Maria M. Mota and colleagues from the Howard Hughes Medical Institute have discovered that the same liver receptor that allows entry of cholesterol into hepatocytes is used by malaria parasite to sneak into the organ cells.
The SR-BI receptor is normally an entry point for HDL cholesterol and other lipids from the bloodstream into liver cells, which break them down. But new experiments show that the malaria parasite may also be using this doorway. When scientists disabled the SR-BI receptor, they saw a dramatic reduction in the number of infections from two species of malaria in mouse and human cells. The experiments are presented in the September 2008 issue of Cell Host & Microbe.
Previous research had linked the lipoprotein clearance rate by the liver to increased malaria infection, so Mota thought the parasite might enter liver cells by hijacking the liver’s own cellular machinery. The group focused its attention on the part of liver cells that filter fatty molecules like cholesterol and other lipids out of the bloodstream.
Mota’s team used RNA interference (RNAi) to examine the receptors that filter lipoproteins. The RNAi technique permitted the researchers to create cell lines with specific genes inactivated. They then tested each cell line to see how it responded to the malaria parasite. “We looked through 53 lipoprotein receptors and found one that really stood out from the rest,” Mota says. That receptor was SR-BI (class B, type I scavenger receptors). Removing SR-BI cut down infections in these cells more than any other receptor they tested.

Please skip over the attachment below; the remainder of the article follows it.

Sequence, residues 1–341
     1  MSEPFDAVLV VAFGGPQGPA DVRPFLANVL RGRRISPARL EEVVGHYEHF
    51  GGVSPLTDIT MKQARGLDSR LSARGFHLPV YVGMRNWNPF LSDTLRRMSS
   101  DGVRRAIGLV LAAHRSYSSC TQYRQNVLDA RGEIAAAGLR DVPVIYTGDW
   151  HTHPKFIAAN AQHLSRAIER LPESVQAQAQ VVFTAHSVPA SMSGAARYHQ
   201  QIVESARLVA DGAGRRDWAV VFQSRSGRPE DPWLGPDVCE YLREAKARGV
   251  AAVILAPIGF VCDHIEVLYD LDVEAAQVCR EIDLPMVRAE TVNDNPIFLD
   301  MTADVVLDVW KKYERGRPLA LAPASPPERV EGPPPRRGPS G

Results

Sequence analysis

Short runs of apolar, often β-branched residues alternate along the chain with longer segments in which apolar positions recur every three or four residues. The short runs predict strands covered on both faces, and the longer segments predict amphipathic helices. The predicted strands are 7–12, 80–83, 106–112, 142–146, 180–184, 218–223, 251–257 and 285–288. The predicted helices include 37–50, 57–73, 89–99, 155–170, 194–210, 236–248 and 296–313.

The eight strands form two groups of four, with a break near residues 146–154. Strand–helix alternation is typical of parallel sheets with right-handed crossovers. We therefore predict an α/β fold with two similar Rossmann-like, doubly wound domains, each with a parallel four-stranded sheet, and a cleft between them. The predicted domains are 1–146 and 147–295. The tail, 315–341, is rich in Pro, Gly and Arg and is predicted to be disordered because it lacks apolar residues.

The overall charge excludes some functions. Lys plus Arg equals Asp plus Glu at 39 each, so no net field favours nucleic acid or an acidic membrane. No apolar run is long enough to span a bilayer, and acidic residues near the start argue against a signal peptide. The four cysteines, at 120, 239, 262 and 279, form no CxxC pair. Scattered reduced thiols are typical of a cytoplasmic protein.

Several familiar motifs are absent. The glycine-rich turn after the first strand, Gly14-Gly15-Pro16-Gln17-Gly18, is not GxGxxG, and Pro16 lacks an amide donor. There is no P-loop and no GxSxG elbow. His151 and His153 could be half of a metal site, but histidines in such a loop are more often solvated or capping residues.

To confirm their suspicions about SR-BI’s key role in malaria, the team conducted a series of experiments that examined mouse cells, human cells, and living mice. First, they induced mouse cells to produce much more of the protein than usual. When they exposed those cells to the parasite that causes malaria in mice, they found the cells were infected more readily than cells with a normal amount of the receptor. The team then tested the receptor’s role in a line of human cells with a human-specific malaria parasite, and got similar results.
Cells in living animals often respond differently than cultured cells, so Mota’s team explored SR-BI’s role in live mice. First they suppressed the gene for SR-BI in these mice, and later injected them with a malaria-causing parasite. Forty hours after exposure, the researchers examined whether the parasite infected the animals’ liver cells. They found that the mice with reduced SR-BI had liver infection levels 50-70 percent lower than the normal mice.
Press release: Cholesterol and Malaria May Use Same Doorway to Liver Cells